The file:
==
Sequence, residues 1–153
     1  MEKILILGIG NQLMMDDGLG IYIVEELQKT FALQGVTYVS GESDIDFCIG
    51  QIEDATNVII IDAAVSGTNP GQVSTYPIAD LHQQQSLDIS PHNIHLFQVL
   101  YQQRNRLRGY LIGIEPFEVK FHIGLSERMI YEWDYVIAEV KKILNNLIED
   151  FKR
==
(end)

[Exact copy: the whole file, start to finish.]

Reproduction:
Sequence, residues 1–153
     1  MEKILILGIG NQLMMDDGLG IYIVEELQKT FALQGVTYVS GESDIDFCIG
    51  QIEDATNVII IDAAVSGTNP GQVSTYPIAD LHQQQSLDIS PHNIHLFQVL
   101  YQQRNRLRGY LIGIEPFEVK FHIGLSERMI YEWDYVIAEV KKILNNLIED
   151  FKR